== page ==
THE first report into the economic benefits of the Glastonbury Festival - commissioned by Mendip District Council and published in 2008 - revealed that the 2007 event boosted the local economy by around £73 million.

With more than 170,000 people pouring into the county for the event, which runs across the last weekend of June, it is little wonder they bring with them money which they spend in Somerset.

So it is continually surprising, perusing the archives of the County Gazette, Bridgwater Mercury and our other titles, just how the festival - and those who attend it - have been viewed in the past.

In June 1987, Ken Bird wrote in the County Gazette about "50 hippies" who were camping out on land at Athelney, near Taunton.

County NFU secretary at the time, Anthony Gibson, seemed almost surprised when he told the paper how "most of them seemed fairly reasonable".

"They agreed not to go back on the land but we are keeping a close eye on the situation," he added.

It was noted then that the group was "thought to be awaiting the Pilton pop festival, near Glastonbury, later this month".

June, bringing with it the Summer Solstice as well as Glastonbury, is a big month for the economy in Somerset and it is ironic that many of these so-called 'hippies' in fact, rather than being much trouble for Somerset landowners, have brought millions to the county over many years.

And it's lucky they appear to have thick skin, for in May 1987 - the year before the incident at Athelney - the Somerset arm of the NFU set up an actual 'hippy alert' system, which saw landowners unite to operate a network warning system in a bid to prevent travellers setting up any camp on their land.

Potential damage to land was - and is - a cause of concern for farmers and should not be condoned.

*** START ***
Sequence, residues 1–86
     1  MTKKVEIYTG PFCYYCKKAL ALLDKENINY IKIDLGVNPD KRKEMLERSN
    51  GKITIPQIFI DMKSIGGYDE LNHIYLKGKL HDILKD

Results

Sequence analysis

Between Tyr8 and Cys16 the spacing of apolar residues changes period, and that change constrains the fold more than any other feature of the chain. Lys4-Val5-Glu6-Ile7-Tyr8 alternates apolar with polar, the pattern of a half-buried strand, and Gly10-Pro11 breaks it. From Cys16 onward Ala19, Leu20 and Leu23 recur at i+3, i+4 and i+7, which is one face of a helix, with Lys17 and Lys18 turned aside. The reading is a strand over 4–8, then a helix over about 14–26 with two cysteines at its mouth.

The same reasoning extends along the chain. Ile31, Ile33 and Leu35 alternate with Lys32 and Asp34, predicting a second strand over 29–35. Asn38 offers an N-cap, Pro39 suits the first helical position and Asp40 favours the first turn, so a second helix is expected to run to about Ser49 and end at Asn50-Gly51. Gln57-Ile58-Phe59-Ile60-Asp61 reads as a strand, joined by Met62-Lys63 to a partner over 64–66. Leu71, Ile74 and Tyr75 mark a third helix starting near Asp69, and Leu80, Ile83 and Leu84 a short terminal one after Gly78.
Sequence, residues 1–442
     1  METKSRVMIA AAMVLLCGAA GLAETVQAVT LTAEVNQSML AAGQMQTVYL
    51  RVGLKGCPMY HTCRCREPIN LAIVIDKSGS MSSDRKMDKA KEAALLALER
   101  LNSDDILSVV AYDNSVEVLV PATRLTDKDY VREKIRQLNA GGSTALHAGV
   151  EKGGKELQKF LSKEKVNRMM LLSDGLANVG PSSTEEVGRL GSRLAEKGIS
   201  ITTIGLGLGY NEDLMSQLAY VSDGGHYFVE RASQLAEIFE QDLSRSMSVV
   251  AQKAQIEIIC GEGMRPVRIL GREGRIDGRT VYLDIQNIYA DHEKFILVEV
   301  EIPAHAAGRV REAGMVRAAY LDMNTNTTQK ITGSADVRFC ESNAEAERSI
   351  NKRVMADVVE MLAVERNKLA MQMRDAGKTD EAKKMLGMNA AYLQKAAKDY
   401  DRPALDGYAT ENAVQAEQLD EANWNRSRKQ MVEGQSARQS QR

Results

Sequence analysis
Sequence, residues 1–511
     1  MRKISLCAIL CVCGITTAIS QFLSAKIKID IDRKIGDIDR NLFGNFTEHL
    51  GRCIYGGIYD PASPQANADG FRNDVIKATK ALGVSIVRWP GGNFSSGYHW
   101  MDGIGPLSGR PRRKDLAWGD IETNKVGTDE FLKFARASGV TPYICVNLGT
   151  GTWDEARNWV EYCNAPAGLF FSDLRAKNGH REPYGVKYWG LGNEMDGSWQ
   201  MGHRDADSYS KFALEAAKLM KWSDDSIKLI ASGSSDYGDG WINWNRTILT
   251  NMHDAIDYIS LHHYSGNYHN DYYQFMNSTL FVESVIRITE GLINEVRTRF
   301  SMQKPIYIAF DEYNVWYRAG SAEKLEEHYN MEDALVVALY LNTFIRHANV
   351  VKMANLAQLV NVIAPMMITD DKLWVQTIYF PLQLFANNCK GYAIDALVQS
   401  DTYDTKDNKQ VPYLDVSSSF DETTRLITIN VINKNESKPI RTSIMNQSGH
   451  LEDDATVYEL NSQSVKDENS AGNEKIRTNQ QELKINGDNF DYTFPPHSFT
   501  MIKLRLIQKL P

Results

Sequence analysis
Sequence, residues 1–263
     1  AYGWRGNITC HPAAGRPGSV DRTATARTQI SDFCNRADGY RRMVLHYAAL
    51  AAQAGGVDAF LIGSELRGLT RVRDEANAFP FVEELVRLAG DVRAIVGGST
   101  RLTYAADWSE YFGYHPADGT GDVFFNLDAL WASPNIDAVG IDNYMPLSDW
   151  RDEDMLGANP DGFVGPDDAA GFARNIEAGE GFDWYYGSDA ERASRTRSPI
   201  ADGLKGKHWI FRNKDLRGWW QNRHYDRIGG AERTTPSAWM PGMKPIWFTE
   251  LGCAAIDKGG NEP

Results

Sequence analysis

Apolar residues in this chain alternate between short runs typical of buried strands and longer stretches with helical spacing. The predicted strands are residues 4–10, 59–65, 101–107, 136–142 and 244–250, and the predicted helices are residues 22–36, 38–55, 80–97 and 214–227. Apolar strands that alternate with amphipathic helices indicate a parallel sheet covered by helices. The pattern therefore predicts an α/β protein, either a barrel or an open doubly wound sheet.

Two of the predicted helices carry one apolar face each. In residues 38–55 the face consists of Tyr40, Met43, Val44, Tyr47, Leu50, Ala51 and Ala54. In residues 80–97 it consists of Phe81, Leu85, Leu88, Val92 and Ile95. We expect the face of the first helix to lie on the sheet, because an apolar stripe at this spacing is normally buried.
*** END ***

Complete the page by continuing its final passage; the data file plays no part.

In 1987, Bridgwater NFU secretary, Ken Doig, said groups could damage land "for years to come", meaning farmers lost money.

"A farmer cannot insure against invasion by hippies," Mr Doig added.

Mr Gibson, in a column in the County Gazette, debated how the law should deal with "scruffy" members of a "hippy convoy" which had caused problems in Somerset - and even suggested confrontations with the police were an "extra dash of excitement" for them.

"I fear that the "hippie" problem is here to stay," he said.

"As a lifestyle, it has obvious attractions for those unable to carve a niche for themselves in conventional society.

"Periodical confrontations with farmers or police add an extra dash of excitement."

I'm not sure that's how the 'hippies' themselves would see it.

And the 'bad press' received by 'travellers', 'hippies', 'gypsies', or whatever the press decided to label any particular group, is often cited by them as a reason for any problems encountered in communities.

Members of the 'hippy convoy' in 1989

In June 1989, police massed at Hinkley Point in anticipation of a mass protest over the proposed development of a third nuclear power station at the site.

Then, the development of Hinkley C was by no means assured and police were concerned protestors may blockade the site.

They feared hundreds would join the demonstration as they made their way home from that year's Pilton Festival, which that year featured the likes of Elvis Costello, Donovan and The Pixies on the bill.

Around 50 protestors turned out to voice their opposition to the plan, prompting police Sgt Chris Ware to call it, perhaps surprisingly, "a bit of a damp squib".